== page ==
Archive | February, 2011

Meatless Monday:: Polenta Lasagna

28 Feb

In honor of Meatless Monday, I’m sharing a DE-LISH vegetarian recipe I’ve tried from Oxygen magazine – Polenta Lasagna. I love Oxygen! It always has great “clean” recipes, and good workout tips and motivational articles also. Even better, they have registered dietitians on staff!

 This was actually my first time using polenta, which is cornmeal simmered in water. Polenta is a (gluten-free) whole grain and is a good source of  protein and many vitamins and minerals including vitamin A [good for your eyes and cells], potassium [helps to lower blood pressure] and calcium [necessary for bone health and used in muscle contractions]. It was traditionally eaten at breakfast, but is very versatile and often used instead of pasta!

My own photos didn’t turn out too well – we were starving and dug in before it had much time to sit and cool so it pretty much just fell apart on the plate! As messy as it  looked, it tasted wonderful – enjoy.

[Click on to enlarge if you can’t read the directions]


The REAL Wonder Pill :: Vitamin D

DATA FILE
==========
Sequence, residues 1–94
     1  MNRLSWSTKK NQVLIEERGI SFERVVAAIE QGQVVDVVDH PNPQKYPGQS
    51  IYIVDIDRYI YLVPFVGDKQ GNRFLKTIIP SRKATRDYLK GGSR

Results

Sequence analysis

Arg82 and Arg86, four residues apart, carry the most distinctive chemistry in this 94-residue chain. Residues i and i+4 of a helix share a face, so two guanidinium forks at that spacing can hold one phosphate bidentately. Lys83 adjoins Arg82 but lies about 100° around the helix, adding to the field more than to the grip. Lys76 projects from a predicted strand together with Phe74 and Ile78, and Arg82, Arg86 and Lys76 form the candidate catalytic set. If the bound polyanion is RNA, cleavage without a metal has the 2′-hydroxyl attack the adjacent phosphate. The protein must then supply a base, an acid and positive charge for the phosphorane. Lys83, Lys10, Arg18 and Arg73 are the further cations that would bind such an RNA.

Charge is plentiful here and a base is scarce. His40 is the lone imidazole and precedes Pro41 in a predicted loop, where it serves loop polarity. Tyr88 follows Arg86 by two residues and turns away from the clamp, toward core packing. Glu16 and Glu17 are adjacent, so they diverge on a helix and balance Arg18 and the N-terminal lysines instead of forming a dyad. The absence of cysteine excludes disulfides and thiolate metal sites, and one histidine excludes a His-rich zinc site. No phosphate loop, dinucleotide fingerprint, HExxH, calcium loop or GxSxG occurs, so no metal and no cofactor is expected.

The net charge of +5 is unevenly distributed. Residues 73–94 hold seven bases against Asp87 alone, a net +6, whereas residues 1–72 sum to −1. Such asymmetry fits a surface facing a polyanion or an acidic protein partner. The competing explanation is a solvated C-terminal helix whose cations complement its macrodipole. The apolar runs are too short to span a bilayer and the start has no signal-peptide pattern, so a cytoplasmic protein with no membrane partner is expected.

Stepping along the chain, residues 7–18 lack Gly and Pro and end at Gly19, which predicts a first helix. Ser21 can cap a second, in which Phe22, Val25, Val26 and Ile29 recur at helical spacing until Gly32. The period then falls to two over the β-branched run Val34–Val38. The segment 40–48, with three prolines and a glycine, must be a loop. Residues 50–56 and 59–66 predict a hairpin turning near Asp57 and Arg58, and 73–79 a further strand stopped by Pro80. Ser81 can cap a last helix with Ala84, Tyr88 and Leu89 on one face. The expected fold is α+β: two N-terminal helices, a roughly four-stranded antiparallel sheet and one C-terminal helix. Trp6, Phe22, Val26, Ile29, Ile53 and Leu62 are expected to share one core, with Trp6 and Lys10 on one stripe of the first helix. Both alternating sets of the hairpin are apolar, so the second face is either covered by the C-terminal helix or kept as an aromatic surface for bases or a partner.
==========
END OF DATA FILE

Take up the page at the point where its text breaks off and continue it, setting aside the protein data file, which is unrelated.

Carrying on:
27 Feb

The newest superstar supplement  (and I must say, I’m on board with the bandwagon) is vitamin D, which isn’t a vitamin at all as it can be synthesized by the body (when the skin is exposed to sunlight) – it’s actually a prohormone. Nonetheless, vitamin D is important to many bodily functions and research is finding that many Americans are deficient in it, which may be contributing to chronic diseases.

Vitamin D:

  • Helps calcium absorption from the gut and maintains normal blood levels of calcium and phosphorus. If not enough calcium is absorbed from the intestines, the body will take calcium from the bones to normalize blood levels – which we obviously don’t want!
    • Without adequate vitamin D and calcium, only 10-15% of dietary calcium and 60% dietary phosphorus is absorbed
  • Prevents rickets (soft bones) in children, osteomalacia (weak bones) and osteoporosis in adults [see above mechanism]
  • Recent research indicates that adequate stores of vitamin D may play a role in preventing many chronic diseases and conditions including cancer, hypertension, diabetes, allergies in children, multiple sclerosis